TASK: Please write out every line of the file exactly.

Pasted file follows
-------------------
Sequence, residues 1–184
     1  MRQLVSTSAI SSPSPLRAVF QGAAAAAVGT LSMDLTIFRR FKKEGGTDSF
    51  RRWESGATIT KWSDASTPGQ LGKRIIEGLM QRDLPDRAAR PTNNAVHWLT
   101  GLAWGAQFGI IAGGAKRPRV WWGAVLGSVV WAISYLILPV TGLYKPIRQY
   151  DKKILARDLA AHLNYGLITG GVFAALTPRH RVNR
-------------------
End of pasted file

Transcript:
Sequence, residues 1–184
     1  MRQLVSTSAI SSPSPLRAVF QGAAAAAVGT LSMDLTIFRR FKKEGGTDSF
    51  RRWESGATIT KWSDASTPGQ LGKRIIEGLM QRDLPDRAAR PTNNAVHWLT
   101  GLAWGAQFGI IAGGAKRPRV WWGAVLGSVV WAISYLILPV TGLYKPIRQY
   151  DKKILARDLA AHLNYGLITG GVFAALTPRH RVNR